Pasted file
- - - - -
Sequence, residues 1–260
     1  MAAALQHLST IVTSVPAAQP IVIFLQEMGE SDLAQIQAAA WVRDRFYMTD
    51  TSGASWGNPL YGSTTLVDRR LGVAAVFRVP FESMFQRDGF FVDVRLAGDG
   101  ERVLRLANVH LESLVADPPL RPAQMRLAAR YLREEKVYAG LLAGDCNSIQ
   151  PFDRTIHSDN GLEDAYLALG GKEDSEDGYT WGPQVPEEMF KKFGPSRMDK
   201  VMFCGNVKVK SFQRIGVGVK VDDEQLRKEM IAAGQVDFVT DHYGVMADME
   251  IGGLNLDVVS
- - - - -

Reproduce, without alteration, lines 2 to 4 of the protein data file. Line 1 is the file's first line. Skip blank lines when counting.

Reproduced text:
     1  MAAALQHLST IVTSVPAAQP IVIFLQEMGE SDLAQIQAAA WVRDRFYMTD
    51  TSGASWGNPL YGSTTLVDRR LGVAAVFRVP FESMFQRDGF FVDVRLAGDG
   101  ERVLRLANVH LESLVADPPL RPAQMRLAAR YLREEKVYAG LLAGDCNSIQ